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The Devil's Paw by E. Phillips Oppenheim

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The Devil's Paw

by E. Phillips Oppenheim


The two men, sole occupants of the somewhat shabby cottage
parlour, lingered over their port, not so much with the air of
wine lovers, but rather as human beings and intimates, perfectly
content with their surroundings and company. Outside, the wind
was howling over the marshes, and occasional bursts of rain came
streaming against the window panes. Inside at any rate was
comfort, triumphing over varying conditions. The cloth upon the
plain deal table was of fine linen, the decanter and glasses were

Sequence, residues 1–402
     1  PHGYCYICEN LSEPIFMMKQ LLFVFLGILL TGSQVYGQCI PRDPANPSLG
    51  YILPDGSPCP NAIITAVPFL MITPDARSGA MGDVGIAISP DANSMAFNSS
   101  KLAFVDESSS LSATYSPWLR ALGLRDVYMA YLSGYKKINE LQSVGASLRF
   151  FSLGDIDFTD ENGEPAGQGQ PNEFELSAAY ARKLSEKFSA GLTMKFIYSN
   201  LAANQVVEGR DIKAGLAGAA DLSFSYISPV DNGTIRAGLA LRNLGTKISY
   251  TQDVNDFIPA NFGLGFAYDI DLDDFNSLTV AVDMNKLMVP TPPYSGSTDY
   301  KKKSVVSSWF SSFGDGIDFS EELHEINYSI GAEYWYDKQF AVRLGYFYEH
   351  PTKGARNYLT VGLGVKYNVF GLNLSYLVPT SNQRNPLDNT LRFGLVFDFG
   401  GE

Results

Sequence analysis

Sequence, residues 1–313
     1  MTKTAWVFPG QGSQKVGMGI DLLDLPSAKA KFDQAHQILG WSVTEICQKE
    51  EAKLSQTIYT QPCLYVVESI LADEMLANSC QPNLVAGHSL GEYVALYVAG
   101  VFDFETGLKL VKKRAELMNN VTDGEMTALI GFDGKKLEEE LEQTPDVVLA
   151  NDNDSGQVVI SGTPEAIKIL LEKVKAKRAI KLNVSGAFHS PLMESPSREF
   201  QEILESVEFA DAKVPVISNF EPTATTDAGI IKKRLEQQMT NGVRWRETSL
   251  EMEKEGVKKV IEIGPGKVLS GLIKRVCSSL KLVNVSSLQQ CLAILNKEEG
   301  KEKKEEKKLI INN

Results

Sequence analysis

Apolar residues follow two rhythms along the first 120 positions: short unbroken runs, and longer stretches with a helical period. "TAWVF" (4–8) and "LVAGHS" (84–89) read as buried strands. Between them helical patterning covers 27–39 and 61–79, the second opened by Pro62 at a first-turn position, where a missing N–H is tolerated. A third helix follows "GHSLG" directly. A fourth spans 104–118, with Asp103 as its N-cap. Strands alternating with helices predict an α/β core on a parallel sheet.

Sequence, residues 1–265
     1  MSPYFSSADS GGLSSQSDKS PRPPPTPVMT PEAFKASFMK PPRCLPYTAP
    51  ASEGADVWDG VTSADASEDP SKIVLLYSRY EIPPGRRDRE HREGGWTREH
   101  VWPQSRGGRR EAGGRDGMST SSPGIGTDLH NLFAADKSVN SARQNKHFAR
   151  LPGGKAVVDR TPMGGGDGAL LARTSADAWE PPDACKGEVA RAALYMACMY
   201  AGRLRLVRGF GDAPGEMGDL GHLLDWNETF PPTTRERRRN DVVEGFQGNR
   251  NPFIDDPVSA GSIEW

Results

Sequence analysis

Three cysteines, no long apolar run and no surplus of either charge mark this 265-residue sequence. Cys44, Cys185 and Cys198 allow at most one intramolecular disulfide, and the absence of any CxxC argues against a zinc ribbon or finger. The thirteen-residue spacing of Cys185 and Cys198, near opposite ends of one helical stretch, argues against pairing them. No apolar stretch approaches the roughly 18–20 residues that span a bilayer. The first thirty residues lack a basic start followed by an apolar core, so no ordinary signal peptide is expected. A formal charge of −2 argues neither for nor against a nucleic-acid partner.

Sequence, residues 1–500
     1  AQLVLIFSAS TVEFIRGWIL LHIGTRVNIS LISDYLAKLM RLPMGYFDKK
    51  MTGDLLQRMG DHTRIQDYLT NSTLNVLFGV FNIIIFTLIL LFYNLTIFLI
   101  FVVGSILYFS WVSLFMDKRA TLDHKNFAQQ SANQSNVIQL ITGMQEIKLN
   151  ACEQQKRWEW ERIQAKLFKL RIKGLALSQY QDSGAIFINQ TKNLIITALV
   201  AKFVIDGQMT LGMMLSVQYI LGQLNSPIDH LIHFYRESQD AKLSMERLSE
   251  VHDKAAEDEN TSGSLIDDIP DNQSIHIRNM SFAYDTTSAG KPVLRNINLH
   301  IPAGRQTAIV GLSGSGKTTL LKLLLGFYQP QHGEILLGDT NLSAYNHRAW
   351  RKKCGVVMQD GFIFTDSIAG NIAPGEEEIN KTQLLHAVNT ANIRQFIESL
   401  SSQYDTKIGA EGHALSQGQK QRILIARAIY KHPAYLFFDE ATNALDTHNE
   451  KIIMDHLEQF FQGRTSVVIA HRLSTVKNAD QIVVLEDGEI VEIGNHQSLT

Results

beautifully cut; there were walnuts and, in a far Corner, cigars
of a well-known brand and cigarettes from a famous tobacconist.
Beyond that little oasis, however, were all the evidences of a
hired abode. A hole in the closely drawn curtains was fastened
together by a safety pin. The horsehair easy-chairs bore
disfiguring antimacassars, the photographs which adorned the walls
were grotesque but typical of village ideals, the carpet was
threadbare, the closed door secured by a latch instead of the
usual knob. One side of the room was littered with golf clubs, a
huge game bag and several boxes of cartridges. Two shotguns lay
upon the remains of a sofa. It scarcely needed the costume of
Miles Furley, the host, to demonstrate the fact that this was the
temporary abode of a visitor to the Blakeney marshes in search of

Furley, broad-shouldered, florid, with tanned skin and grizzled
hair, was still wearing the high sea boots and jersey of the duck
shooter. His companion, on the other hand, a tall, slim man, with
high forehead, clear eyes, stubborn jaw, and straight yet
sensitive mouth, wore the ordinary dinner clothes of civilisation.